Egypt’s press fearful as repressive measures return

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Egyptian photojournalists hold signs in English and Arabic, including one reading “Freedom to the camera” (R), during a demonstration outside the Shura council in Cairo on March 19, 2013. (Photo: AFP)

By: Mohammad Abdel Rahman

Published Friday, October 17, 2014

In the absence of clear or declared legal criteria, journalists in Egypt are still subject to investigations and gag orders. The past few months witnessed several cases of censorship, where newspapers were forced to remove scoops from their first editions. Complaints filed by the government through Public Prosecutor Hisham Barakat against the press have once again become a common occurrence.

Cairo – Most recently, al-Masry al-Youm's editor Ali al-Sayyed and his colleague Ahmed Youssef were summoned to the State Security Prosecutor. This was based on an complaint by the Interior Ministry, accusing the newspaper of "disturbing public peace and misappropriating [public] prosecutor documents."

The summons took place following an announcement by al-Masry al-Youm – Egypt's largest private newspaper – of plans to publish new details related to violations in the 2012 presidential elections. The issue had been instigated by Ahmed Shafik, the primary contender against deposed President Mohammed Mursi during the 2012 elections. Shafik accused several sides of intervening in favor of Mursi.

Despite the political changes witnessed since that time, the case still evokes the curiosity of Egyptians. Shafik remains abroad and did not return to Cairo following the overthrow of Mursi. But as soon as al-Masry al-Youm announced its intentions, the public prosecutor reinstated the ban and the newspaper abided by the decision.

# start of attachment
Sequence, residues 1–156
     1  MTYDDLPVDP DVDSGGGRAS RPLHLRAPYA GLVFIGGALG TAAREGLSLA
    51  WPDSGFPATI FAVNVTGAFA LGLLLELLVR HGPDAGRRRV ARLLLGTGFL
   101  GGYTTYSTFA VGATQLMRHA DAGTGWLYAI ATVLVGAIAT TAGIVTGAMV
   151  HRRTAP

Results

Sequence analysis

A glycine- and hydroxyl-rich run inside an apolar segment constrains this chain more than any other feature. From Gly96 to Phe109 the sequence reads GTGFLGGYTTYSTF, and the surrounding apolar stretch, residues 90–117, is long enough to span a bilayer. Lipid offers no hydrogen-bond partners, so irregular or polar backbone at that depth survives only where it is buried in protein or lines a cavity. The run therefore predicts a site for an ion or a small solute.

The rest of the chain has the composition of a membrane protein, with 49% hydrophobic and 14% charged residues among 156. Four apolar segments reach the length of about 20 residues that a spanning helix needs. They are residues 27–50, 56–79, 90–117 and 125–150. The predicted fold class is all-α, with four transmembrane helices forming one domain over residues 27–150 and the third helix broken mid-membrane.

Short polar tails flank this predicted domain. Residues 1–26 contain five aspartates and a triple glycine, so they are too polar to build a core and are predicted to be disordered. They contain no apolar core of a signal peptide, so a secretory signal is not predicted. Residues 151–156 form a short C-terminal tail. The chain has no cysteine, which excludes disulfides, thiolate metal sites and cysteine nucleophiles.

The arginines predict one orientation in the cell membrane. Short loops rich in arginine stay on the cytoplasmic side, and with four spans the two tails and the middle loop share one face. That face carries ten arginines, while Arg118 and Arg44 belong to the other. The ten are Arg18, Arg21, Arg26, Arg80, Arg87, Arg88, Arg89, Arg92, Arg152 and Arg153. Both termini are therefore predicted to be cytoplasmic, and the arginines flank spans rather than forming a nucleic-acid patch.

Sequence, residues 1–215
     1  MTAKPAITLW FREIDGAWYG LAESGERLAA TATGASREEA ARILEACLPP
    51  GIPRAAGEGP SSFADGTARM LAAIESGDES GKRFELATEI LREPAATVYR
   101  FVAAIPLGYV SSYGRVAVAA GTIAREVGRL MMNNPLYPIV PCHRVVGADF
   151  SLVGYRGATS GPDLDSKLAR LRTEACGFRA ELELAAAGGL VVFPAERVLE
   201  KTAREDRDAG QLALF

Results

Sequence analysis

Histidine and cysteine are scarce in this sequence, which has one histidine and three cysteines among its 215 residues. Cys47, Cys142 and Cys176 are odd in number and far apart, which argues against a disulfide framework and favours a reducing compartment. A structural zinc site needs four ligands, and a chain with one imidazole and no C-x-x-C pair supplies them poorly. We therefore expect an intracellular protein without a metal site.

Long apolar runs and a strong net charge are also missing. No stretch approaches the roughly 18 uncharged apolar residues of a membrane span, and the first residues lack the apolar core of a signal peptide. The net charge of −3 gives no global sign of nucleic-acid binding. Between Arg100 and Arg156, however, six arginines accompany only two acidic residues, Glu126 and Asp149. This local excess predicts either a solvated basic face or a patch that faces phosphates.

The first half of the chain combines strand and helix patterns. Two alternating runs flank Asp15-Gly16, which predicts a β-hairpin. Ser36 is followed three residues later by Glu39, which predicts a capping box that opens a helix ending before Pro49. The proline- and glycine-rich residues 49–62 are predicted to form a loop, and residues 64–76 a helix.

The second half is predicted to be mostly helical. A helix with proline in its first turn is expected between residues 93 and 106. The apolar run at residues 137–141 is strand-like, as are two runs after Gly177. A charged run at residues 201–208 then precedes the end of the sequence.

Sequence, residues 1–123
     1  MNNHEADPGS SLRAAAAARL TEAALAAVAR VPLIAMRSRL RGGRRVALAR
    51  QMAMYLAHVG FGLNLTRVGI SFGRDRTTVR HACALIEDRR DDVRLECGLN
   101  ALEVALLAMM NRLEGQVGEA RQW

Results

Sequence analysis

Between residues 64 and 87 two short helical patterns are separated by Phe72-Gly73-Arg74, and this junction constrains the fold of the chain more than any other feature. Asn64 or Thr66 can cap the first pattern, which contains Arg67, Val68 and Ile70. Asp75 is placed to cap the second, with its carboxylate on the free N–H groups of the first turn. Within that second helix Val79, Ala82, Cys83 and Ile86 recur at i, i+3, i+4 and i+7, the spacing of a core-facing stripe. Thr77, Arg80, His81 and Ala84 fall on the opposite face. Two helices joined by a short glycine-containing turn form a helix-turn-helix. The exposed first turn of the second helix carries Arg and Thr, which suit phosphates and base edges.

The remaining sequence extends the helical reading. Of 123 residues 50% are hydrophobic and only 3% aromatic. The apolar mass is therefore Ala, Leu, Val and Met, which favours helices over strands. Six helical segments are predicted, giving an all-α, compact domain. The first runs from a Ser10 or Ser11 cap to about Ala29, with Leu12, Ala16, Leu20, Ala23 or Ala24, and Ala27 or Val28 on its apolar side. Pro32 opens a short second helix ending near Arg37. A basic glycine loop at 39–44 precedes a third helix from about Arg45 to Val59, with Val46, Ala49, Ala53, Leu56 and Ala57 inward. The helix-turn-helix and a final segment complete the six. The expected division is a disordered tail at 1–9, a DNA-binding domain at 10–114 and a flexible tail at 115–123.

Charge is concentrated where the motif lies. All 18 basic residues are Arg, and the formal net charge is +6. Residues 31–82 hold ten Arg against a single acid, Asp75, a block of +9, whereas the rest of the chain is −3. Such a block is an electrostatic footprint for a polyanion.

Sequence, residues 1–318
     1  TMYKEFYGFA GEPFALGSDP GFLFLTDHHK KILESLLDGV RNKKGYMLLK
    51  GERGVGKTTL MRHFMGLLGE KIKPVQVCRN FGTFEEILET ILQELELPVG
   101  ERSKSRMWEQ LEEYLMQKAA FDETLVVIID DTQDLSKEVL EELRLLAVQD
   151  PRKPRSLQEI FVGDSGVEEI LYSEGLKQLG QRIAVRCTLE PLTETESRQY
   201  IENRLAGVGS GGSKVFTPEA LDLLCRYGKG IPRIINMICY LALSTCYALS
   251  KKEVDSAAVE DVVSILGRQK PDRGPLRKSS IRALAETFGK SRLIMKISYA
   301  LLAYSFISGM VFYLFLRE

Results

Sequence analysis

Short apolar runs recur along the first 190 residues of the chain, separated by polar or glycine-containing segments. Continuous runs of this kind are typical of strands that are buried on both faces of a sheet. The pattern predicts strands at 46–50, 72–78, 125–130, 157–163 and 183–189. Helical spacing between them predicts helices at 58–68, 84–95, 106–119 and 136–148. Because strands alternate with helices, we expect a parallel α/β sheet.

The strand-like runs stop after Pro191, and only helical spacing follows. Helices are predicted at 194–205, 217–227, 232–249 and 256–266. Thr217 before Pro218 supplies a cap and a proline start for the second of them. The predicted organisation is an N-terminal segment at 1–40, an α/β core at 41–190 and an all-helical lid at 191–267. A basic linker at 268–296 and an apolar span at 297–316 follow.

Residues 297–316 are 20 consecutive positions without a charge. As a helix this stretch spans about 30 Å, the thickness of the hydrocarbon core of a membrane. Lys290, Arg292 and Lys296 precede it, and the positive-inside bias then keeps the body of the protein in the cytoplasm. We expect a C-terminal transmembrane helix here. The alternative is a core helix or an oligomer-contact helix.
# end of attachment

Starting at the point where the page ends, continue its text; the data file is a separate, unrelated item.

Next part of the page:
The gag order in this case had been imposed by the public prosecutor in the past two years. But the Interior Ministry was not satisfied with the ban, initiating a complaint to the public prosecutor, which was quickly sent to the State Security Public Prosecutor.

Immediately following the move, several journalists expressed fear that such practices would stifle future attempts by private newspapers to publish documents related to several suspended cases. Most of those instances are related to the grave events that have taken place in the country over the past four years.

The prosecutor released al-Sayyed and Youssef in the early hours of Thursday morning on a bail of around $300, without announcing a date to continue the interrogations. In similar cases, investigations are suspended and used as a tool to exert pressure in case the newspaper decided to return to the dossier in any manner.

Hosni Mubarak's media acolytes, who joined the Shafik fray following the January 25 Revolution, had insisted that the Muslim Brotherhood succeeded in rigging the elections in favor of their candidate. However, there is no legal proof of this accusation yet and the issue that brought the case against al-Masry al-Youm has not concluded.

Yet, none of the media personalities who made similar allegations were held accountable. This is despite the fact that the claims would incriminate the Supreme Council of the Armed Forces, which was in power at the time, and former Defense Minister Field Marshal Mohammed Hussein Tantawi, who supervised the elections and was responsible for the results.

All these questions are raised by just one of the cases occupying Egyptian public opinion after the January 25 Revolution. But the complete answers are still missing and constrained by gag orders and Interior Ministry complaints against Egyptian newspapers.

Follow Mohammad Abdel Rahman on Twitter: @MhmdAbdelRahman

This article is an edited translation from the Arabic Edition.


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